Faith When Your Job Is On The Line

Over the past several months, I’ve shared about how difficult work has been. I would be lying if I said all that’s happened wasn’t upsetting—because it is—but even so, God has been meeting me and challenging me in the midst of it. This is some of what I’m chewing on at the moment.

My Job is Not My Identity or My Worth
When it feels like you’re winning at work and the work is fulfilling, it’s sometimes hard to divorce who you are from what you do. At least, it is for me. Without realizing it, I conflate my work performance with who I am and I walk around, unwittingly puffed up on the inside, thinking that I’m significant and special because I do work that matters and I do it well. But when that’s gone —when I don’t do work that I feel matters or when others do not perceive me as doing it well (whether I actually am or not in this situation doesn’t matter)—it erodes my ego and sense of self. I’ve had to remind myself that my performance review and how some of my colleagues may view me are not the final authority on my value as a person. I’ve had to disambiguate ‘Alicia the worker’ and ‘Alicia the person’ and this experience has helped me see the inordinate importance I put on the former.

My Heart > Conduct
My “work spouse” is a great baker. She has made the treats for many of the staff members’ farewell parties and I have already reserved her for mine when that time comes. The other day, I dreamt that one of the women at work who doesn’t like me and has made things difficult for me showed up at my farewell party, reached for a pecan tart and I slapped it out of her hand. While that’s pretty tame in terms of wishing ill of my enemies, it’s still indicative of bitterness growing in my heart.

One morning on my way to work, I prayed that God would bring verses to mind to encourage me about my situation. I was hoping for those vengeful God-will-trample-on-all-my-enemies kinds of verses but instead they were all about having a loving heart. I’ve been that person that smiles in these difficult people’s faces, says good morning, and once they’re behind me, I give them my worst sour face. But here’s what God had to say about that to me:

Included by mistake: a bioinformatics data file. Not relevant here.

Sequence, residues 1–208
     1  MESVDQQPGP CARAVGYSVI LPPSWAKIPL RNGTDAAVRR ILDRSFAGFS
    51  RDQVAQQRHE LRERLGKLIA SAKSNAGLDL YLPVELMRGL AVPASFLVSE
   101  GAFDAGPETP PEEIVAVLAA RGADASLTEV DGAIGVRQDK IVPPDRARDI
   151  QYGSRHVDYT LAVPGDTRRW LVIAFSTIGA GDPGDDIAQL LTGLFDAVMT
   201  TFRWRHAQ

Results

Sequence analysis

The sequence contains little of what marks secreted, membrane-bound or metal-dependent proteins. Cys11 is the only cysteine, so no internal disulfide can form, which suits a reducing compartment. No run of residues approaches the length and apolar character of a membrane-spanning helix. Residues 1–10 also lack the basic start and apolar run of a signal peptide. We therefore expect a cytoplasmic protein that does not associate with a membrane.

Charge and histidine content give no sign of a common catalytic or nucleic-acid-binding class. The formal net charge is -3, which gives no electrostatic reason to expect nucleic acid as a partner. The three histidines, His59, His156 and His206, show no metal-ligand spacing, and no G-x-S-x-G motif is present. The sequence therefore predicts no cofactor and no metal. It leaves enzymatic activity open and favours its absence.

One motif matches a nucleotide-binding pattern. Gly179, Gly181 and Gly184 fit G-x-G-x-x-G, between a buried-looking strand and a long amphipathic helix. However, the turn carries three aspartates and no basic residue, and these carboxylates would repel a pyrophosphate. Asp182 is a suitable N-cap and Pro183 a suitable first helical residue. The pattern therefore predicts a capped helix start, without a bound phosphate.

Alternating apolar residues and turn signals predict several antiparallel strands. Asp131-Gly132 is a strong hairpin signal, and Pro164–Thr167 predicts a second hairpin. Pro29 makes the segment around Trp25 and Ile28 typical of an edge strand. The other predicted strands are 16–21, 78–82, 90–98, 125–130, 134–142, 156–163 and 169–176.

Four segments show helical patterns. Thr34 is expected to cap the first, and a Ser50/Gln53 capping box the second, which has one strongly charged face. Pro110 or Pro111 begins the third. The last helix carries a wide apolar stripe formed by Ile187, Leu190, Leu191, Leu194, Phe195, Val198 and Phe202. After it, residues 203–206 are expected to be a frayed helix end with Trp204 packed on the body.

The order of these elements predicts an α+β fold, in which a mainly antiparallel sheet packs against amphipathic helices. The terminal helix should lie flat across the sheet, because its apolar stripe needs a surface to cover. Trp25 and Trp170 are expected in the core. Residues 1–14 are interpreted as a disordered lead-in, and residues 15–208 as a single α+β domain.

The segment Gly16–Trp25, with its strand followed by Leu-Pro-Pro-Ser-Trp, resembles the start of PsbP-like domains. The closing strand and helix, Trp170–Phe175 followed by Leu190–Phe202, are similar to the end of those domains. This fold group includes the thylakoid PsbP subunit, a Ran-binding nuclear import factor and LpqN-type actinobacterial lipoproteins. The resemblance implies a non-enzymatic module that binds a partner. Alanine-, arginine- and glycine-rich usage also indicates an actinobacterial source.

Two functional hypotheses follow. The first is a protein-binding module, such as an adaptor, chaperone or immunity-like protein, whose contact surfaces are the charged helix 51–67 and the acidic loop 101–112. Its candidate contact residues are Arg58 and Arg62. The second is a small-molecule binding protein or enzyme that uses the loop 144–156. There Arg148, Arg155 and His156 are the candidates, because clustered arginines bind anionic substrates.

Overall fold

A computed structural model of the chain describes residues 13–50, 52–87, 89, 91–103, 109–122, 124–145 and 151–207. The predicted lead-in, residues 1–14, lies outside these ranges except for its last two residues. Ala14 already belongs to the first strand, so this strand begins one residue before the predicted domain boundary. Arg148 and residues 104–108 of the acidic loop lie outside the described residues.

Luke 6:27-36
“But to you who are listening I say: Love your enemies, do good to those who hate you, bless those who curse you, pray for those who mistreat you. If someone slaps you on one cheek, turn to them the other also. If someone takes your coat, do not withhold your shirt from them. Give to everyone who asks you, and if anyone takes what belongs to you [including a pecan tart], do not demand it back. Do to others as you would have them do to you.

“If you love those who love you, what credit is that to you? Even sinners love those who love them. And if you do good to those who are good to you, what credit is that to you? Even sinners do that. And if you lend to those from whom you expect repayment, what credit is that to you? Even sinners lend to sinners, expecting to be repaid in full. But love your enemies, do good to them, and lend to them without expecting to get anything back. Then your reward will be great, and you will be children of the Most High, because he is kind to the ungrateful and wicked.Be merciful, just as your Father is merciful.

Ephesians 4:31
Get rid of all bitterness, rage and anger, brawling and slander, along with every form of malice.

Matthew 5:21, 22
 “You have heard that it was said to the people long ago, ‘You shall not murder, and anyone who murders will be subject to judgment.’ But I tell you that anyone who is angry with a brother or sister will be subject to judgment. Again, anyone who says to a brother or sister, ‘Raca,’ is answerable to the court. And anyone who says, ‘You fool!’ will be in danger of the fire of hell.

This is what He brought to mind in that moment so my first concern for my situation at work now is to keep after my heart well.

I Am Called to be Faithful

 Genesis 39:1-5
The Lord was with Joseph so that he prospered, and he lived in the house of his Egyptian master. When his master saw that the Lord was with him and that the Lord gave him success in everything he did, Joseph found favor in his eyes and became his attendant. Potiphar put him in charge of his household, and he entrusted to his care everything he owned. From the time he put him in charge of his household and of all that he owned, the Lord blessed the household of the Egyptian because of Joseph. The blessing of the Lord was on everything Potiphar had, both in the house and in the field.

Exodus 9:12
But the Lord hardened Pharaoh’s heart and he would not listen to Moses and Aaron, just as the Lord had said to Moses.